ROWLAND v. SHURBUTT



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ROWLAND

v.

SHURBUTT


March 3, 2000

Record No. 990923

LINDA ROWLAND

v.

EDWARD DAVID SHURBUTT

FROM THE CIRCUIT COURT OF THE CITY OF
CHESAPEAKE

Russell I. Townsend, Jr., Judge

Present: Carrico, C.J., Compton,[1] Lacy, Hassell, Keenan, Koontz,
and Kinser, JJ.

OPINION BY JUSTICE A. CHRISTIAN COMPTON


This is the appeal of an order granting a
natural father’s petition to change the surname of his minor
child. The central issue is whether the evidence is sufficient to
support the trial court’s ruling.

The facts, considered during a March 1998
hearing, are not disputed. The only testimonial evidence
presented was the deposition of a psychiatrist, who had been
employed by the father.

The child, a male, was born in Norfolk on
September 3, 1991. His mother, residing in Chesapeake, is
appellant Linda Grant Rowland. His father, residing in Virginia
Beach, is appellee Edward David Shurbutt.

When the child was conceived, the mother was
not married to the father and was separated from her spouse. When
the child was born, the mother and her husband had reconciled and
the child was given the surname "Rowland," a name he
still carries.

Since birth, the child has been in the physical
custody of his mother. Court orders provide, however, that both
parents have "joint legal custody" of the child. The
parents have been litigating issues concerning child custody,
child support, and visitation most of the child’s life.

In March 1998, the father filed duplicate
petitions in the court below to change his child’s surname to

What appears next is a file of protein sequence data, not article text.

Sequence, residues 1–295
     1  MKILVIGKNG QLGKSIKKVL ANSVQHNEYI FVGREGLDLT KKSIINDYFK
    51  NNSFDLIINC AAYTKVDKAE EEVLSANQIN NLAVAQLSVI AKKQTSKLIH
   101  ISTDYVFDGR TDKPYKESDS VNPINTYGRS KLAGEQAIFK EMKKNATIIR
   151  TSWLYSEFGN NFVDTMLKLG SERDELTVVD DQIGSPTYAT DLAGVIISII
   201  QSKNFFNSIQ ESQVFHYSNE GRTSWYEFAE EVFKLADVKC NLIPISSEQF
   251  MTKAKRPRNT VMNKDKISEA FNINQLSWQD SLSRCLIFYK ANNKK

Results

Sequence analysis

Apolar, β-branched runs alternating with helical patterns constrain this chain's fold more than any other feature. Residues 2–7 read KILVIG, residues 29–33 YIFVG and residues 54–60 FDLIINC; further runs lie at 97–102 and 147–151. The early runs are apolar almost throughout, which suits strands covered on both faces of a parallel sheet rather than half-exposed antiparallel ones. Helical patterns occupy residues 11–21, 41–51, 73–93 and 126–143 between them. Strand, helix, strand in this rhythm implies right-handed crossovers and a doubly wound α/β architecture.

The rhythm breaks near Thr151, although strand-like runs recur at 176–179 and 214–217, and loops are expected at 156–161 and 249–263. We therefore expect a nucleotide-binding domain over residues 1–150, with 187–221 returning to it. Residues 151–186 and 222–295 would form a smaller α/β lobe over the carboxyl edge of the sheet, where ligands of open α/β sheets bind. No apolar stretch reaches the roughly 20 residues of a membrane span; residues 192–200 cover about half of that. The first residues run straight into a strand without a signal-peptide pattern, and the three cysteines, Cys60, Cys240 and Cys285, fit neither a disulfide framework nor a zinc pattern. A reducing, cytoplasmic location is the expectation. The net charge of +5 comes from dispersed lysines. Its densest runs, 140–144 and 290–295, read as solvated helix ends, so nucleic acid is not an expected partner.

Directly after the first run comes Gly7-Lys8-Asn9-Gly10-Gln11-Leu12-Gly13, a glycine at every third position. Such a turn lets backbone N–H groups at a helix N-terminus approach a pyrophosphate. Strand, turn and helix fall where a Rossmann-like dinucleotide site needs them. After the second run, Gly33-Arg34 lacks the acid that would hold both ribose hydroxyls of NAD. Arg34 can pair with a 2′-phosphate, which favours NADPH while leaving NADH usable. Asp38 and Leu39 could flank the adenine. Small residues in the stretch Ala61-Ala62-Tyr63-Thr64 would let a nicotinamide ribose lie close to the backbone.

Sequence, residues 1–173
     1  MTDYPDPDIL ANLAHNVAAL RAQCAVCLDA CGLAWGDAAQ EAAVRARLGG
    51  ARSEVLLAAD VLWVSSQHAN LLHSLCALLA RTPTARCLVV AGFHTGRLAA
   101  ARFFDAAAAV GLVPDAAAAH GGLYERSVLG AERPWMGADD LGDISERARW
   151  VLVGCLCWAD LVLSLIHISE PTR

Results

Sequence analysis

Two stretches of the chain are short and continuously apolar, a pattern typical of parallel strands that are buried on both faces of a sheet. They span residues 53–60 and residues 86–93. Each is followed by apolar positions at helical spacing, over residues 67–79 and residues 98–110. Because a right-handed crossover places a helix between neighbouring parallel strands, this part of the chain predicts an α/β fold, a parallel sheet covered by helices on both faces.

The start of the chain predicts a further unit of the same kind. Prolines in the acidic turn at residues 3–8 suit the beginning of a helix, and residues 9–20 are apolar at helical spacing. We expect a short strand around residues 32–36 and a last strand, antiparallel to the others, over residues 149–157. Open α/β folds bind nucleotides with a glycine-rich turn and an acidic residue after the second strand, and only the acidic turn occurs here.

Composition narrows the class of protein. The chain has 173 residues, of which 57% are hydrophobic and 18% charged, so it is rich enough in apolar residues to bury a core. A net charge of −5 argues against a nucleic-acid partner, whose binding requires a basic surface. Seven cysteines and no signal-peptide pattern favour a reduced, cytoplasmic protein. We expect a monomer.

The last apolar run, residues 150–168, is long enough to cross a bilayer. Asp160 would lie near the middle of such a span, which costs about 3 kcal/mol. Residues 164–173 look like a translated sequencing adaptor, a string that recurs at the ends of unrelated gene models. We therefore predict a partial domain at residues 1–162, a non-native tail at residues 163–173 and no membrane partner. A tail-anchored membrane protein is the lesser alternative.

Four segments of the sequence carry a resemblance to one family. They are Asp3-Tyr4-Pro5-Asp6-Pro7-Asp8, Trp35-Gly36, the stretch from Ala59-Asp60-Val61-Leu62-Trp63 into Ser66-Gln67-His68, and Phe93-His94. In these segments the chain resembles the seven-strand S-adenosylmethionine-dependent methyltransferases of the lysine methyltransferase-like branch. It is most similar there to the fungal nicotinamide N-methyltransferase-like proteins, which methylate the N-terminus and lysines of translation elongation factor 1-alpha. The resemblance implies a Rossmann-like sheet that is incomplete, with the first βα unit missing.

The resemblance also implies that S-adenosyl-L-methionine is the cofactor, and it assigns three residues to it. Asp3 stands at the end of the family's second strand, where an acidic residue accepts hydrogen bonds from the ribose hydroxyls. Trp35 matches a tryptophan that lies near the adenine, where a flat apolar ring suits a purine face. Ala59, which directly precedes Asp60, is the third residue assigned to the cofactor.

"Shurbutt." The father asserted that he desired to
change the name in order "to prevent confusion and
difficulty in the transaction of the minor child’s lawful
affairs" and that the name change would be in the child’s
best interest. The mother objected to the proposed change.

Following the hearing, the trial court
concluded that the child’s best interest would be served by
granting the father’s petition. In a February 1999 order, from
which we awarded the mother this appeal, the court ruled that the
child’s name be changed as requested, finding that "good
cause was shown for this action." The court also ruled,
however, that the child’s name remain unchanged pending appeal.

On appeal, the mother contends that the trial
court erred in ordering the name change because the evidence was
insufficient to support the order. The father, while contending
the evidence was sufficient to support the order, also argues
that this Court is without jurisdiction to consider the appeal.

We shall address the jurisdictional question
first. Although not argued orally, the father contends on brief
that the Court of Appeals of Virginia, not this Court, has
jurisdiction of this appeal. He points out that Code
? 17.1-405(3)(e) provides that appeals of circuit court
orders relating to the "control or disposition of a
child" must be made to the Court of Appeals. This is such a
proceeding, he says, and the appeal should be dismissed. We do
not agree.

Ordinarily, a proceeding under the
change-of-name statute, Code ? 8.01-217, is an independent
civil action. But see Code ? 20-121.4
(permitting divorce court to restore party’s former name as part
of final decree of divorce from bond of matrimony). Although the